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Comment Re:Yawn. (Score 1) 69

Supercharger V2, of which there are thousands deployed and thousands more in construction (with a minimum of two chargers per site), are 145kW. Without any problem to the grid. Supercharger V3 is going to be over 350kW (exact power has not been announced yet). In order to move to the higher capacity, V3 chargers will have a battery buffer, and thus stress the grid less than V2. That is to say, they'll trickle charge from the grid (and their solar awnings, which Tesla is looking to make standard), then surge charge EVs.

Battery swap is a total non-starter for about fifty reasons that aren't worth reiterating yet again here. Every major corporate proponent has either given up on them or gone bankrupt. Including, by the way, Tesla, who was demonstrating their automated swapping system a couple years ago, but has since cancelled it. It's technologically possible, but grossly economically impractical (due to stockpiling requirements, made worse by the unavoidable necessity for widely varying battery profiles and performance characteristics, as well as the ever-changing technological baseline) and gets poor consumer acceptance in practice (as there's widespread opposition to giving up your good new battery pack for someone else's old degraded battery pack). There's also concerns about durability when you're replacing such a large structural element in the vehicle with HV connectors, although this issue comes in a distant third.

Comment Re:happened to me, unfortunately (Score 1) 412

after I had 2 vasectomies. The first failed..

Protocol here is to (1) cauterise both ends of the severed vasa, and (2) perform a sperm count 3 months after operation, before authorising the cessation of the contraception already in use.

the second "succeeded" only to fail 3 years later.

That strongly suggests that your practitioner wasn't using any sort of cauterisation, which does have a significant failure rate. If you informed the second practitioner of the failed first vasectomy (they'd have seen the scars anyway), then not performing the cauterisation step is pretty well down the road to malpractice. Normally, I'm not one for promoting "sue the doctor" at any event, but in this case it does strike me as being a pretty basic failure.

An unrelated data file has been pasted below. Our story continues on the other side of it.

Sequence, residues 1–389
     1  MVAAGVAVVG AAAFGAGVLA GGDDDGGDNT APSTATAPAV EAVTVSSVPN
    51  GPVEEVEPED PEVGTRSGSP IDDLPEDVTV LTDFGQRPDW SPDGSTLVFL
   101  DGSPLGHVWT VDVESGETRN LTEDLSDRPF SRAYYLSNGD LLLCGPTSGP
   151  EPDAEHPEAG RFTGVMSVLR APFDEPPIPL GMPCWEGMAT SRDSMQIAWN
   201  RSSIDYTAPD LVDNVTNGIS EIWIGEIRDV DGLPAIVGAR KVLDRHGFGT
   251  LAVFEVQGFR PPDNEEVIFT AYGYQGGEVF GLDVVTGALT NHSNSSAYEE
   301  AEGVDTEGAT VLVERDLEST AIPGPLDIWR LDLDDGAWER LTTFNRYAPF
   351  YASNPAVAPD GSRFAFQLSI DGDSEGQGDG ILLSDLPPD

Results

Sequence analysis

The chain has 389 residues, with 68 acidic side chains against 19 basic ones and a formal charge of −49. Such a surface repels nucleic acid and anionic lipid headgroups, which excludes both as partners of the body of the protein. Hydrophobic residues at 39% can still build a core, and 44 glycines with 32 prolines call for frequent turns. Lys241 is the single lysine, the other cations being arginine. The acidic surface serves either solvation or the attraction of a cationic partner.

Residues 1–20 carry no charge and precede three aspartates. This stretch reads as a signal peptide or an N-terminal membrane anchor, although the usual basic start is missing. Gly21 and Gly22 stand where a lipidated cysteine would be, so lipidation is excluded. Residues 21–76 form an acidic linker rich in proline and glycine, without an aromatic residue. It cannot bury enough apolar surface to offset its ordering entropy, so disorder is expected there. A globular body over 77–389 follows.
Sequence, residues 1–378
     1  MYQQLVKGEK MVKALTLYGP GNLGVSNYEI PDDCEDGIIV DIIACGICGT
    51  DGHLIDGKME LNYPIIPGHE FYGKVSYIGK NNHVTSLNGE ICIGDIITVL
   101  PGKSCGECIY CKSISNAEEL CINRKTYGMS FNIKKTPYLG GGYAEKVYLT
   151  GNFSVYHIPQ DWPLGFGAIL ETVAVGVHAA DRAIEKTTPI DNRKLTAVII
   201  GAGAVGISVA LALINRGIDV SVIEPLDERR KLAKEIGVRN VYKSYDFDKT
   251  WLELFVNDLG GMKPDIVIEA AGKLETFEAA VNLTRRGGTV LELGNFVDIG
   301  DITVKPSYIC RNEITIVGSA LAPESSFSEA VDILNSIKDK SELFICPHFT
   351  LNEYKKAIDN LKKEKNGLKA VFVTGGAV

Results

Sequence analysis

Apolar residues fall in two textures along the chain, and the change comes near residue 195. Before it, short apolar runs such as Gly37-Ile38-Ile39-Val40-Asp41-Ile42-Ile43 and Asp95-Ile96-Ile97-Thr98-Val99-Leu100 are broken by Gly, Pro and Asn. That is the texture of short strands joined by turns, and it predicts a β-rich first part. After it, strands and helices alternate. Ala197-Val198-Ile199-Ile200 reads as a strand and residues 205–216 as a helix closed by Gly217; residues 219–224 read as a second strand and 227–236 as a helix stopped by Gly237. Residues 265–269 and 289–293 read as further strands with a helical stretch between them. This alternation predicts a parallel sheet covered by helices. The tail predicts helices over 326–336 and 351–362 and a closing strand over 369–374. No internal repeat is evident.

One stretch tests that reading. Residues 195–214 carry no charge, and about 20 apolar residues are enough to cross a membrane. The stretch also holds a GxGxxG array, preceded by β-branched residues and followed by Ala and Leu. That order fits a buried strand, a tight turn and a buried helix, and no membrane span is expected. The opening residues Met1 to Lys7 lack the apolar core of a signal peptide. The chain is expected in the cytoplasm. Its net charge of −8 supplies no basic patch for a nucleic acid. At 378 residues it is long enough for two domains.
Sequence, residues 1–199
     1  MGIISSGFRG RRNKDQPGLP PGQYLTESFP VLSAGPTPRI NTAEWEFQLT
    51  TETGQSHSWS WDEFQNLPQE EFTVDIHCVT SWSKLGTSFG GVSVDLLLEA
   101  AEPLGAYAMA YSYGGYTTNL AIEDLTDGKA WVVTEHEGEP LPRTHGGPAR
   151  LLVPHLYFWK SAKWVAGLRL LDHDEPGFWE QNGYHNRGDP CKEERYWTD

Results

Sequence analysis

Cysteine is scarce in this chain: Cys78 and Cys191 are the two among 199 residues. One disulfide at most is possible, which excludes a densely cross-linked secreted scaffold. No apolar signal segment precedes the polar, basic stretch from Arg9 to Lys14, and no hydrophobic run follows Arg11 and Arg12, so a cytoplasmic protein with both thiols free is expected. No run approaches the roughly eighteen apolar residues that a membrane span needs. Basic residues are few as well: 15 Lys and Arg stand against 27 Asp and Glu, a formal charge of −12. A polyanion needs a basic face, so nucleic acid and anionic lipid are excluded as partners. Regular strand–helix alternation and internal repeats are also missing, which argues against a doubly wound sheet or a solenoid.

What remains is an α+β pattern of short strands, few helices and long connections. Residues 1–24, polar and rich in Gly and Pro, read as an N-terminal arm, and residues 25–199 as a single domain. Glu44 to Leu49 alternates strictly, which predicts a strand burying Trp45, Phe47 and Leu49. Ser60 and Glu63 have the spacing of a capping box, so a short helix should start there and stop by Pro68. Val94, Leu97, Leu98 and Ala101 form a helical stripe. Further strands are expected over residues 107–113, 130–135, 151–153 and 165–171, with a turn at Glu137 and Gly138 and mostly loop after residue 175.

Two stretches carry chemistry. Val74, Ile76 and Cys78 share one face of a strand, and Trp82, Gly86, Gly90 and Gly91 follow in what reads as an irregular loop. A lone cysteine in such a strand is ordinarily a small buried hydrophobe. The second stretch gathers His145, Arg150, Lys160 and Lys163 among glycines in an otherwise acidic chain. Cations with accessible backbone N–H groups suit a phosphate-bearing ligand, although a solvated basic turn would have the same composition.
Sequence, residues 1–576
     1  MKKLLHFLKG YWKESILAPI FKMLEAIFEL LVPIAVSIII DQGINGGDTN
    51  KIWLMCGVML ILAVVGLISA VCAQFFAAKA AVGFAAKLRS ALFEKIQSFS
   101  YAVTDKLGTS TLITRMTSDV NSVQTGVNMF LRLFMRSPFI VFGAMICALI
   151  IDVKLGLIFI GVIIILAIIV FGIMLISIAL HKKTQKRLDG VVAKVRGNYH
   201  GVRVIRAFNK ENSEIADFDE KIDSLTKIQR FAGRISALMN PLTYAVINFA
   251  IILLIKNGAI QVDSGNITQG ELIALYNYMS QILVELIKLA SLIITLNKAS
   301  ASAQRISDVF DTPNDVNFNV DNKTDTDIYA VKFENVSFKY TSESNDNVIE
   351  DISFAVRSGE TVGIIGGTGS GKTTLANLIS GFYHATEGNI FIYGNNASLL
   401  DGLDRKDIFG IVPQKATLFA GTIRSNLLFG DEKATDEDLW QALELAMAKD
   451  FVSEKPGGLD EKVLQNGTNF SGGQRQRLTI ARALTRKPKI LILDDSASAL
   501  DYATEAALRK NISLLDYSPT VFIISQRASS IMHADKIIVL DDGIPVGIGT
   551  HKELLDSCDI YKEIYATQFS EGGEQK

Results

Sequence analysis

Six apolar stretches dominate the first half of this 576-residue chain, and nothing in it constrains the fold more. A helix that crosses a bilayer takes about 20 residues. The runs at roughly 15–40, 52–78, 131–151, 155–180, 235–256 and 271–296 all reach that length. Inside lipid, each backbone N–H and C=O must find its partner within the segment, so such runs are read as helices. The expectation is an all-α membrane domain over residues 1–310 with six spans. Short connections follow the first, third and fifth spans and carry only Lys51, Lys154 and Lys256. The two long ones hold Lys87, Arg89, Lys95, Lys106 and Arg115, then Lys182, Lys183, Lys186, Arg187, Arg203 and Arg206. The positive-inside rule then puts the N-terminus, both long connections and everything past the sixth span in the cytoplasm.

In the UK, using the [cut, remove cm-length, cauterise] protocol, spontaneous reconnection rates are under 1%, which would suggest you're a 1-in-10,000 event. If your practitioners are using a proven protocol, and doing it properly.

Comment Re:Extremely interesting... (Score 1) 412

"A genre or character in art or literature that features a female that has all feminine attributes except that she has a penis. This can include her having a vagina, .." Most likely NSFW, but otherwise it's just the well-known "shemale" trope. You can find adverts for this in your local newspaper - look for the keyword "operation".

Comment Re:Sitting: it's bad for your nuts, too... (Score 1) 412

Scots only started wearing kilts (as ceremonial garb) in around 1820 (Georgy-Porgy's visit to Edinburgh), and few wear them as day-to-day garb today. Before then, they'd often wind the pleid mhor around the legs to form a loose pair of "trews", or as would be described elsewhere, loincloths. By the way, "Braveheart" was stirring uplifting bullshit.